They said the hospital was recently rerouted, which meant ambulances were ordered not to bring patients there because they were no longer able.
And while patients are being treated in ambulances outside of the hospital, the paramedics cannot do any other missions.
With a climax expected in the coming weeks after Christmas and New Years, the nurse urged the government to initiate a "complete lockdown".
They said the public may not be as strict about Covid restrictions as they were before and it was important that people stay home.
"I don't necessarily blame the public when this government's messages are so mixed," they said.
"But I just want them to hear us and what we say because it is really unbearable."
A Whittington Health spokesperson said, “While we are not commenting on anonymous claims, we take these allegations very seriously.
'Like the entire NHS, Whittington Health is currently under pressure as the number of Covid-positive patients soars.
"However, the safety of our patients remains our number one priority and our staff work tirelessly to ensure that we can continue to provide safe, effective, and compassionate care to those who need it."
Another nurse named Naomi, who works in a London hospital, said on Twitter, "I literally don't think my hospital has any more clean wards left."
She added, “Everyone, Covid. I'm a tired man, it's too emotionally exhausting. & # 39;
And Dave Carr, an intensive care nurse at St. Thomas' Hospital in London, added to the Guardian, “The public needs to know what is happening.
& # 39; This is worse than the first wave; We have more patients than in the first wave and these patients are just as sick as in the first wave.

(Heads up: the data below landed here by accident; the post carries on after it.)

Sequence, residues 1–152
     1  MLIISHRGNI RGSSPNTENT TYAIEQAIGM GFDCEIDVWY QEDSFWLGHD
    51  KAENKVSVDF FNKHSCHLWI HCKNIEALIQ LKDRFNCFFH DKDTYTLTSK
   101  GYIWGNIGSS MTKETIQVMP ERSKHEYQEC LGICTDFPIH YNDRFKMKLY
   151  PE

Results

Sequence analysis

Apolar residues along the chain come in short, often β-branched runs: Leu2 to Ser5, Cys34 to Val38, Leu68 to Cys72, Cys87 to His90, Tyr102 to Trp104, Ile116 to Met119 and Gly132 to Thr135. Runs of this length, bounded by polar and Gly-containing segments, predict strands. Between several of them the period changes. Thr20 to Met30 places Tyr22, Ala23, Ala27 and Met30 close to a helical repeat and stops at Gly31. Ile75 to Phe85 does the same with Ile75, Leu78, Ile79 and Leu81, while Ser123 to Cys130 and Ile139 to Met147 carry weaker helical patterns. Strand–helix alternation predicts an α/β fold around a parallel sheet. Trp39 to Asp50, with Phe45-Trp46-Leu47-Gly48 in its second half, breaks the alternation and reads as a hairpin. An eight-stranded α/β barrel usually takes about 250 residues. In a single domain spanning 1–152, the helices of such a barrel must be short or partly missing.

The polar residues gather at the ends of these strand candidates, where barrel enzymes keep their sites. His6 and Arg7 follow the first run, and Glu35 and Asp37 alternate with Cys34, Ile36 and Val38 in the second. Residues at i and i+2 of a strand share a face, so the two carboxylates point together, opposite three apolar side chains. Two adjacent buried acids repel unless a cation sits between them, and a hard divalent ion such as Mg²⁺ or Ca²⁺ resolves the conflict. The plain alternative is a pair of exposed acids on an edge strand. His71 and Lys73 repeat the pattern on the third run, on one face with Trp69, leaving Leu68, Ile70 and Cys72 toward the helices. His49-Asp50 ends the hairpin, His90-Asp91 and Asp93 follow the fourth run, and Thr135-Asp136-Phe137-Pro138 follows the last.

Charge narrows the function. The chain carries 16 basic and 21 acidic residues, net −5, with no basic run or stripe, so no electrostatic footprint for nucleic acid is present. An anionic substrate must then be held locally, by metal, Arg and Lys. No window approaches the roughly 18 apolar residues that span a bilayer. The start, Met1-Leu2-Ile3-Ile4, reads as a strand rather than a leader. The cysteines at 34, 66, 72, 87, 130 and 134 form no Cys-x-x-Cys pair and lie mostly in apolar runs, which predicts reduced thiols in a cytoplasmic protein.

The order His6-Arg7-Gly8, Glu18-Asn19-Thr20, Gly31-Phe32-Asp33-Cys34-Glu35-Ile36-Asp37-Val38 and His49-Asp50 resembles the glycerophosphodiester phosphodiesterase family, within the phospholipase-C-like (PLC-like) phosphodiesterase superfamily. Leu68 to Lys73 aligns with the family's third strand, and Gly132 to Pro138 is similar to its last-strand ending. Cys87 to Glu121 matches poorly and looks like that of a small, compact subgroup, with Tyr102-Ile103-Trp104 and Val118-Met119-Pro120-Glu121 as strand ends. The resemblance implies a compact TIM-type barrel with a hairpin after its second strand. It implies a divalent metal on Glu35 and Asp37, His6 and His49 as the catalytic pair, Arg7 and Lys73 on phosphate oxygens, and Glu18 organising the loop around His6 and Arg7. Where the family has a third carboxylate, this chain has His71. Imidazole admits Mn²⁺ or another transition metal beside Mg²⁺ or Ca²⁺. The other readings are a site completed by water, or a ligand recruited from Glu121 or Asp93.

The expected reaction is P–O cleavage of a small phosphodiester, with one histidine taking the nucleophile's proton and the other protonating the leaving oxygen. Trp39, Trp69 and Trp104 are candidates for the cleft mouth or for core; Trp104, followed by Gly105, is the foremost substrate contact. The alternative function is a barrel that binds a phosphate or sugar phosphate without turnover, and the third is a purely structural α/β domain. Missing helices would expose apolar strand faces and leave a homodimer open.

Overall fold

"Of course we have additional treatments that we can apply now, but the patients are still dying and they will die."
Dave Carr, an intensive care nurse at St. Thomas' Hospital in London, said, “The public needs to know what is happening. & # 39; This is worse than the first wave; We have more patients than in the first wave and these patients are just as sick as in the first wave. & # 39;
Exhausted NHS staff will focus on introducing vaccines to contain the tsunami of hospital stays along the way.
Pfizer and AstraZeneca have announced that there will be enough doses to meet the country's ambitious goals.
Chief Medical Officer Professor Chris Whitty warned this week that vaccine availability issues "will persist for several months" as companies struggle to meet demand.
The government has promised to give single doses of the Pfizer vaccine to as many people as possible, rather than giving a second dose to those already vaccinated.
However, the makers of the Pfizer and Oxford / AstraZeneca jabs have concerns that there is no problem with the supply.
Sir Richard Sykes, who led a review of the government's vaccines task force in December, added that he was "unaware" of a supply shortage.
Another pressing issue for ministers is whether all elementary and secondary schools should remain closed in classrooms due to a Covid tsunami.
A teaching union called for all facilities across the country to close at the beginning of the new semester.
It came after the government flipped its decision to keep some London primaries open despite increasing cases of Covid.
Many of the London boroughs that have been told to keep elementary schools open are seeing increases in Covid cases